The most famous types of cultured sea pearls are:
- Akoya Pearl
- South Sea pearls
- Tahitian pearl.
The colour of the pearl depends on the type of oyster that produced it, and therefore on the "place of residence" of that particular oyster.
The oyster Pinctada martensii, which lives off the coast of Japan and China, produces pearls ranging in size from 2 to 10 mm. The shape varies from round to irregular. Pearls are usually white with creamy, greyish, bluish, golden-green, silvery colours, as well as pink with various nuances. They are greatly valued for their richness of colour and extraordinary brilliance.
South Sea pearls
White and golden pearls larger than 10 mm in diameter are born in the largest Pinctada maxima oysters in the warm waters of the South Seas off the coast of Australia, Indonesia and Thailand. These pearls are known for their exceptional size and splendid colours.
The oyster Pinctada margaritifera lives off the coast of Tahiti and French Polynesia and produces naturally occurring black pearls. The pearls range in size from 8.5 to 20 mm and can come in blue, grey, green and purple hues. They are highly prized for their beautiful colour nuances and the time they take to grow.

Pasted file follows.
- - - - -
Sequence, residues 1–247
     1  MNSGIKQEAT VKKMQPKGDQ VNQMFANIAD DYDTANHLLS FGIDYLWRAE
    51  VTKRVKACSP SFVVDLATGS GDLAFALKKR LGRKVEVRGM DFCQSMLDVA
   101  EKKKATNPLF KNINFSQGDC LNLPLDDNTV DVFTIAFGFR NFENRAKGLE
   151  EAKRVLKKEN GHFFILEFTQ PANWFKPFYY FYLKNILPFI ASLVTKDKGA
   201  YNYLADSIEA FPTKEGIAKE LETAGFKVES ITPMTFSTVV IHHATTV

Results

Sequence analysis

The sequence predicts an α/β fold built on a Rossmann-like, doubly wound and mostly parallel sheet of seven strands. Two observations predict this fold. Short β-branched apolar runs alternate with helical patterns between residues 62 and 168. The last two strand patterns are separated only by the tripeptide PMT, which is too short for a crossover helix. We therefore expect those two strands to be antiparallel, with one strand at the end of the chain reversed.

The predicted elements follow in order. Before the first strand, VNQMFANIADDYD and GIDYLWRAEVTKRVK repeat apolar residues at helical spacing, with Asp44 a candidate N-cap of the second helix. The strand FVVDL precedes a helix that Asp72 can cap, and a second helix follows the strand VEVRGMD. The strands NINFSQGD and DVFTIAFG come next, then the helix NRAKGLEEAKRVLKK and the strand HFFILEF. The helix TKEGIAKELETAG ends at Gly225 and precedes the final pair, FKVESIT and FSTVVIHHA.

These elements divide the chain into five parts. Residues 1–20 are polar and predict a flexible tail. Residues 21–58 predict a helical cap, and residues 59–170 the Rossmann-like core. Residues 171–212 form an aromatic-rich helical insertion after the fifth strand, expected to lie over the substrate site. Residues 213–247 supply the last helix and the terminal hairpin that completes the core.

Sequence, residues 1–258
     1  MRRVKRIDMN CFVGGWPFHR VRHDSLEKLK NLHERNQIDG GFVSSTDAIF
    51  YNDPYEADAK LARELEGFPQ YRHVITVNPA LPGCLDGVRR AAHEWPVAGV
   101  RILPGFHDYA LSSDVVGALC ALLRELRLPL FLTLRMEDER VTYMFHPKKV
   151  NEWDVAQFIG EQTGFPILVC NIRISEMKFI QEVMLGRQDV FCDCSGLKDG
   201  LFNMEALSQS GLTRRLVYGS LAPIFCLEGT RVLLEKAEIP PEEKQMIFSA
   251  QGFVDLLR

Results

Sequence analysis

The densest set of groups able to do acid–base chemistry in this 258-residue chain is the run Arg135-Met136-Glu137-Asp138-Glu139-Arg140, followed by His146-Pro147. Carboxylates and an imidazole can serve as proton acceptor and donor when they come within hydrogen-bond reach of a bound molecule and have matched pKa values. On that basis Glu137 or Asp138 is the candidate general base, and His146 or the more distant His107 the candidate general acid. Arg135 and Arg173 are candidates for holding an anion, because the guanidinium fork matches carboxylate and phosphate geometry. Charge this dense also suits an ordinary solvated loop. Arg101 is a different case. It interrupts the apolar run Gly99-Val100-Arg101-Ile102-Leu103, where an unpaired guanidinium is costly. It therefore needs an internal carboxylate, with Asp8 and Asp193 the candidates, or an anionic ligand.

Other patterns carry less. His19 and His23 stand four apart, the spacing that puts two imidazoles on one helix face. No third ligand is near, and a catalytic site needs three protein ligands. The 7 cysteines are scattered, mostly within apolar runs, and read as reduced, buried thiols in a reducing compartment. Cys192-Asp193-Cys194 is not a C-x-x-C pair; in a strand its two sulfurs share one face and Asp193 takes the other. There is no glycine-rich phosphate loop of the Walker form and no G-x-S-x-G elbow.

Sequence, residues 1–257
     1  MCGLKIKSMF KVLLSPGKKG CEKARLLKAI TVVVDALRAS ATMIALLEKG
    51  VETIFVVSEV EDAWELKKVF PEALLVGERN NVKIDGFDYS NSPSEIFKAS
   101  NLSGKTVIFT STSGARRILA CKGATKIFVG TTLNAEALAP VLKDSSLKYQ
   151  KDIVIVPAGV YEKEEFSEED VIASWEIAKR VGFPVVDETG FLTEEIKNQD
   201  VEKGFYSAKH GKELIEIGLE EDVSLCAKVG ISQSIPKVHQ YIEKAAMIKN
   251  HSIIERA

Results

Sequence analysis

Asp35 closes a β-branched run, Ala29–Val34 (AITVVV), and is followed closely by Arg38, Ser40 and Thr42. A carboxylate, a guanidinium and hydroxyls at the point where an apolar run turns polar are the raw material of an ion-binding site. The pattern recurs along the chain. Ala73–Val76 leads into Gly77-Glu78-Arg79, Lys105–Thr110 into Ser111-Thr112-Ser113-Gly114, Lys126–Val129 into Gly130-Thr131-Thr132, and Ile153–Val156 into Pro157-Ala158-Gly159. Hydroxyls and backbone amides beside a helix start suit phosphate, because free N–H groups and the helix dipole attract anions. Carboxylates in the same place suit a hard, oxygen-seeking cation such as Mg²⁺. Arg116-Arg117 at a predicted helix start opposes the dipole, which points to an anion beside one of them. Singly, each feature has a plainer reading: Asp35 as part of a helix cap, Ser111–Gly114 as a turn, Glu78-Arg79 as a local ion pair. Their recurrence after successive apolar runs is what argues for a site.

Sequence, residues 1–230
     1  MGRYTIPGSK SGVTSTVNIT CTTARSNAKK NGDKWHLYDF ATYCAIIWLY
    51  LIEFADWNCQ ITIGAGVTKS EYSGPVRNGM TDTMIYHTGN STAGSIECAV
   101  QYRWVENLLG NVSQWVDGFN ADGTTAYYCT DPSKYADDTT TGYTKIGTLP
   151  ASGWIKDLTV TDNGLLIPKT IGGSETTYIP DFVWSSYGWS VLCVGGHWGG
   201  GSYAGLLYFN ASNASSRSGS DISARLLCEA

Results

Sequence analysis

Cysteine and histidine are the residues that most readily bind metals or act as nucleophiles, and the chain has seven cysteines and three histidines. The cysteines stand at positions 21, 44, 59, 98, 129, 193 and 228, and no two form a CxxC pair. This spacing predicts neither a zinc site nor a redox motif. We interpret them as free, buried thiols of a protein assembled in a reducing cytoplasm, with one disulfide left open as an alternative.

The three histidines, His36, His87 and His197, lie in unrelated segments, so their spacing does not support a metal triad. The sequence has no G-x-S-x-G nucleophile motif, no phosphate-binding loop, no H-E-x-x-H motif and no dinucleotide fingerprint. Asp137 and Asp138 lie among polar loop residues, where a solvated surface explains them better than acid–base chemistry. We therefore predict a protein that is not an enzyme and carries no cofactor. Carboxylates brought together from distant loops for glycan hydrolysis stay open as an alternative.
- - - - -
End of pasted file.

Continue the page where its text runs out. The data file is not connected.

These pearls are obtained by introducing a piece of the mollusk's mantle rather than the hard core. The tissue dissolves and the pearl turns into a thick layer of nacre. Freshwater pearls are very easy to recognize because of their fancy shape, sometimes elongated, resembling grains of rice or grapes. There are lavender, peach, tangerine and green-blue shades. It is used very widely in jewellery as an inexpensive alternative for a wide stratum of less wealthy customers.
The uniqueness of pearls lies not only in their colour and origin, but also in the shape that nature endows them with. In Japan, the usual round shape is called "happo korogashi. Fans of this unique "living" stone know that there are many other shapes, such as hemispherical "mabe" pearls and three-quarter pearls often used in various brooches. According to the degree of the so-called deformation, jewelers who work with pearls distinguish between oval, drop and baroque pearls. However, this does not mean that such pearls are valued less, as some of them, due to their fancy shape, are quite highly valued. Pearls that have a concave or curved surface are called the "monster pearls".
Often, nature itself joins two pearls as they grow; therefore, such pearls are called twins. Among the great number of pearls one can sometimes find those resembling telephone tubes, cat heads, buttons, wolfs, mushrooms, hearts, snails, etc. Being a natural phenomenon, they are quite highly valued.